Choosing between lotteries: Remarkable coordination without communication

Yoella Bereby-Meyer, Simone Moran, Brit Grosskopf, Dolly Chugh

Research output: Contribution to journalArticlepeer-review

2 Scopus citations


The current research examines tacit coordination behavior in a lottery selection task. Two hundred participants in each of three experiments and 100 in a fourth choose to participate in one of two lotteries, where one lottery has a larger prize than the other. Independent of variations in the complexity of the mechanism of prize allocation, the prize amounts, and whether the lottery is the participant's first or second choice, we typically find that the percentage of participants who choose the high versus low-prize lotteries does not significantly differ from the equilibrium predictions. This coordination is achieved without communication or experience. We additionally find that participants with an analytical thinking style and a risk-averse tendency are more likely to choose the low-prize lottery over the high-prize lottery. This tendency seems to be stable across choices. The pattern of our results suggests that to achieve tacit coordination, having a subset of individuals who attend to the choices of others is sufficient.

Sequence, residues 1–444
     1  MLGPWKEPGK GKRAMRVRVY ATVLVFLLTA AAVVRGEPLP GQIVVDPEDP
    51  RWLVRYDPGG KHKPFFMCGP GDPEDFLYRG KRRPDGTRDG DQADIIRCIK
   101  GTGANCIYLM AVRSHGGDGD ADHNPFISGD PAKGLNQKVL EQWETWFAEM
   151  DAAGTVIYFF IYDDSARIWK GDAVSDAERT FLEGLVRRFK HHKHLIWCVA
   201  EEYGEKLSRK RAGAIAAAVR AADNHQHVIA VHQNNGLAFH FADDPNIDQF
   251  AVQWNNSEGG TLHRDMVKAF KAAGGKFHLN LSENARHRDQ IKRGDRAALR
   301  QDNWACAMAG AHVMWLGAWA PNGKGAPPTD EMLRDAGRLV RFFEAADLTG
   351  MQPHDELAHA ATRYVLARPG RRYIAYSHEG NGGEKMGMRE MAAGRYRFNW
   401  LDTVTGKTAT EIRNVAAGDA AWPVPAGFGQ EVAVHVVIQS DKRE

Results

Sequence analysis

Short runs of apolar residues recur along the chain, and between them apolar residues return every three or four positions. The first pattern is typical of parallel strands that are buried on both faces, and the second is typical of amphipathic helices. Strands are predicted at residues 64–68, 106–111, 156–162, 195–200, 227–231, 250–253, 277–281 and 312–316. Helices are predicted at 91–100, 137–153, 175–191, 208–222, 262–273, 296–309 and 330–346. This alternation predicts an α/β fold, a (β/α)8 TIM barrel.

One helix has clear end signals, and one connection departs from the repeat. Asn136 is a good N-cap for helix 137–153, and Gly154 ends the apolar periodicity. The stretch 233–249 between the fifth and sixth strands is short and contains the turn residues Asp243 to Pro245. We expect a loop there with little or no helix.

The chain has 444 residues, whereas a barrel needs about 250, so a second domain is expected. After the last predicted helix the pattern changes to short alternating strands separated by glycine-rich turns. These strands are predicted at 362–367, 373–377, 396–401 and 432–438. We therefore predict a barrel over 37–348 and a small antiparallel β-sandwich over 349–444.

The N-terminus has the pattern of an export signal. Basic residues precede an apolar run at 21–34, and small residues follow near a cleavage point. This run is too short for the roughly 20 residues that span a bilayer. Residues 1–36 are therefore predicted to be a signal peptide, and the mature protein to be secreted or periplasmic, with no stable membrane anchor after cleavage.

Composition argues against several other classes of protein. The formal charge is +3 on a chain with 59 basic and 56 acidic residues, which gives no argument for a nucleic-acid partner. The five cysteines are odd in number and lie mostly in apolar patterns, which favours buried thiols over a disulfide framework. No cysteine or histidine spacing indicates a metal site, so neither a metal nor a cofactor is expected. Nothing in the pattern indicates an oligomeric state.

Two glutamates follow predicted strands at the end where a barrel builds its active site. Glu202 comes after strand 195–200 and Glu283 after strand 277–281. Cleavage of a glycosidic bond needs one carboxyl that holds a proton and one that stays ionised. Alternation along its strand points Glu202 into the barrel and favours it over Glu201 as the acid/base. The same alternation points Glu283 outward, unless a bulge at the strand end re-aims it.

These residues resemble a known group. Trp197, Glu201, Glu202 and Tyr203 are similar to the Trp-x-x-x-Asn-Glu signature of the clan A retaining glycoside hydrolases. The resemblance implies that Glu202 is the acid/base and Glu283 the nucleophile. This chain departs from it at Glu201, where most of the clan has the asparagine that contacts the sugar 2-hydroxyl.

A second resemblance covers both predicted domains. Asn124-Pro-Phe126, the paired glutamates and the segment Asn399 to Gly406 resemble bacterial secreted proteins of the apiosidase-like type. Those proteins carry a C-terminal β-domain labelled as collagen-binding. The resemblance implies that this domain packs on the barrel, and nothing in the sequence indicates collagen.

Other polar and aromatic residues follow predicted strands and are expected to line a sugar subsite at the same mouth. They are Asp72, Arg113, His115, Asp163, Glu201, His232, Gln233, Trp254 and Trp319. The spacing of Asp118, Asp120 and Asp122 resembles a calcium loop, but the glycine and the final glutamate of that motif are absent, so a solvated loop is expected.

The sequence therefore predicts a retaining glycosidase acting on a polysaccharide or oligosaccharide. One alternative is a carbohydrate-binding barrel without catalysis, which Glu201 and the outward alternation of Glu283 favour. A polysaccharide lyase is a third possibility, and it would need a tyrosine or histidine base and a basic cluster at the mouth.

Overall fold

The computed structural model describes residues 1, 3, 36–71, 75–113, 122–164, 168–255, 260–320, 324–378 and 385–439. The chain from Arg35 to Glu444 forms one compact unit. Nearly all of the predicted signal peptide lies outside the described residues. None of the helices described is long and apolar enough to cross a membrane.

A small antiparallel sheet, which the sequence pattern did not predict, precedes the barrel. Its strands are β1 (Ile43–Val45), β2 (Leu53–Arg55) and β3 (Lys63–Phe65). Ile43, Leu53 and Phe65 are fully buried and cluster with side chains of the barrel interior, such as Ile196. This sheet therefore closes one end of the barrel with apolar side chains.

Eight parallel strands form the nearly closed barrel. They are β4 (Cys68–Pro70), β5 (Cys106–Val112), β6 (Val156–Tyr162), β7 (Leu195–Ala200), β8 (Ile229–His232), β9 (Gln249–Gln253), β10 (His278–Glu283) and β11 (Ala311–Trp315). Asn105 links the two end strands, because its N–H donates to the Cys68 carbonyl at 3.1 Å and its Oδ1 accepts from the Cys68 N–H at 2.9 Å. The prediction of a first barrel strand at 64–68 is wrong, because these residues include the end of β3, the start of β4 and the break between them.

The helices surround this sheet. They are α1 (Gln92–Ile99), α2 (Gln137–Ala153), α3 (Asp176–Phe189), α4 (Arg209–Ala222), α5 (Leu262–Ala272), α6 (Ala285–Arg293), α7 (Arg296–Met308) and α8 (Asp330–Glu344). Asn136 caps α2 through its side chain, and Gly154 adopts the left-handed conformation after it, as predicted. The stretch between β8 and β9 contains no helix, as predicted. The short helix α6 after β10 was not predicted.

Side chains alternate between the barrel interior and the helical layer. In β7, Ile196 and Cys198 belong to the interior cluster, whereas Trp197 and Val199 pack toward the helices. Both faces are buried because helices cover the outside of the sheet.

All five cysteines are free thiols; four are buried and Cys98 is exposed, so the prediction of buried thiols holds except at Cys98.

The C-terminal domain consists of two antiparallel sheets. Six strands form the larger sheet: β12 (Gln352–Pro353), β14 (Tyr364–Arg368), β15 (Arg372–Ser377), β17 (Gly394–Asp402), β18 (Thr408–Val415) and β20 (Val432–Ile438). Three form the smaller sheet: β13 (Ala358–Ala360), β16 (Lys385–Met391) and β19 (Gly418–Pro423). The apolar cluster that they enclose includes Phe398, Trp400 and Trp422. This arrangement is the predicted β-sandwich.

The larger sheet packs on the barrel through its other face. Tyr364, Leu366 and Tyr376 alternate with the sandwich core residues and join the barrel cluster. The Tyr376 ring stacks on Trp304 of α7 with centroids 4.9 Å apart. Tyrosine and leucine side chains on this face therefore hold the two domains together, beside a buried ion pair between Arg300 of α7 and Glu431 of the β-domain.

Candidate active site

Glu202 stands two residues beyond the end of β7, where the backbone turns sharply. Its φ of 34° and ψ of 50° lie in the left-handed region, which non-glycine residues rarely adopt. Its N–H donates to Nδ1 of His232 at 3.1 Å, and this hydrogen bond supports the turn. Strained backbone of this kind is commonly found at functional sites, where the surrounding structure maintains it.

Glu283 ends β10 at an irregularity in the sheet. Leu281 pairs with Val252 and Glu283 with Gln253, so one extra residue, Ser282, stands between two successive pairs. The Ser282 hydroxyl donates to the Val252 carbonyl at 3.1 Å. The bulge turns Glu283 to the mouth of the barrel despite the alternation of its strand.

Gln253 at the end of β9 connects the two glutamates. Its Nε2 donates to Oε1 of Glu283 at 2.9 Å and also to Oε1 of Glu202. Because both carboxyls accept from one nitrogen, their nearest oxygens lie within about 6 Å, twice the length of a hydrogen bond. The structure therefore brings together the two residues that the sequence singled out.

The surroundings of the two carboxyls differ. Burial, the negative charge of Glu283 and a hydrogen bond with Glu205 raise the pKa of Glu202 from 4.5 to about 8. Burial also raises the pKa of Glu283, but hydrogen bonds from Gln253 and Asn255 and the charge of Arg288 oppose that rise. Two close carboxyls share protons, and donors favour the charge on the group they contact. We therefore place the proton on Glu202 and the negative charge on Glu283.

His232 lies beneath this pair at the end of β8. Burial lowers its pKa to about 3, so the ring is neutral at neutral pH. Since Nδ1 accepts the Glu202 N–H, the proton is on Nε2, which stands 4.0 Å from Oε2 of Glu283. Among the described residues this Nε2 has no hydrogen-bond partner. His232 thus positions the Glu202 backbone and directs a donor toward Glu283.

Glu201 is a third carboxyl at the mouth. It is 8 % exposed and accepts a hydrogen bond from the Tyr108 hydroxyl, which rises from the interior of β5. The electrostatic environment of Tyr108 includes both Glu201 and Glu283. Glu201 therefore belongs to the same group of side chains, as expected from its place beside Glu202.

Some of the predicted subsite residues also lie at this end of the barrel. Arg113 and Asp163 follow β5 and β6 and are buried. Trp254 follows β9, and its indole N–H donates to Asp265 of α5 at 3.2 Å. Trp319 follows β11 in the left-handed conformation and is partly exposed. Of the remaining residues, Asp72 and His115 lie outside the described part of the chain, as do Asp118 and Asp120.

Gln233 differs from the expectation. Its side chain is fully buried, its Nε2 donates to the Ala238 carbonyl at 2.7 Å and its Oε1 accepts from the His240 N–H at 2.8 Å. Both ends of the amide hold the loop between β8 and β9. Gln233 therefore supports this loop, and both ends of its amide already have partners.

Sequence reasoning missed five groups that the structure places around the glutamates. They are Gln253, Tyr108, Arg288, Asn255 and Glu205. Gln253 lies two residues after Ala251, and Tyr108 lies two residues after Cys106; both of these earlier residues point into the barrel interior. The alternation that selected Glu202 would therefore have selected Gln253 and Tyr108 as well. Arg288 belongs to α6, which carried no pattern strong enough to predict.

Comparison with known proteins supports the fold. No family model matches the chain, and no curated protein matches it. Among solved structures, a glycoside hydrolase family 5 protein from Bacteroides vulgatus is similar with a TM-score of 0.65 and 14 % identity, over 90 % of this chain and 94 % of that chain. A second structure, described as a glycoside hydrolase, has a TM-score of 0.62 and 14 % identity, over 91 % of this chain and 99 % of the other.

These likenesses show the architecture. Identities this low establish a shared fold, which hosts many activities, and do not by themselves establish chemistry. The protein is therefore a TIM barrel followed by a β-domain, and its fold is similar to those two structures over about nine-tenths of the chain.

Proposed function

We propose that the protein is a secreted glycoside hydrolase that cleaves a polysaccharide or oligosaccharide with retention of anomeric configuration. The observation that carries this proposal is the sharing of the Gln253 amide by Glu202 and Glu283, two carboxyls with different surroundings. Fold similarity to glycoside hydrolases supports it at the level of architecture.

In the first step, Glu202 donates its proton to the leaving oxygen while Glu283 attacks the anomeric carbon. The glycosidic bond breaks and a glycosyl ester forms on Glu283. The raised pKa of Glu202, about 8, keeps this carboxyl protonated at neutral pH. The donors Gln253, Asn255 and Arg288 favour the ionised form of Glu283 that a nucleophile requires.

Original languageEnglish
Pages (from-to)338-347
Number of pages10
JournalJournal of Behavioral Decision Making
Issue number4
StatePublished - 1 Oct 2013


  • Choice
  • Coordination
  • Lottery
  • Risk taking
  • Thinking style
  • Uncertainty

ASJC Scopus subject areas

  • Decision Sciences (all)
  • Arts and Humanities (miscellaneous)
  • Applied Psychology
  • Sociology and Political Science
  • Strategy and Management


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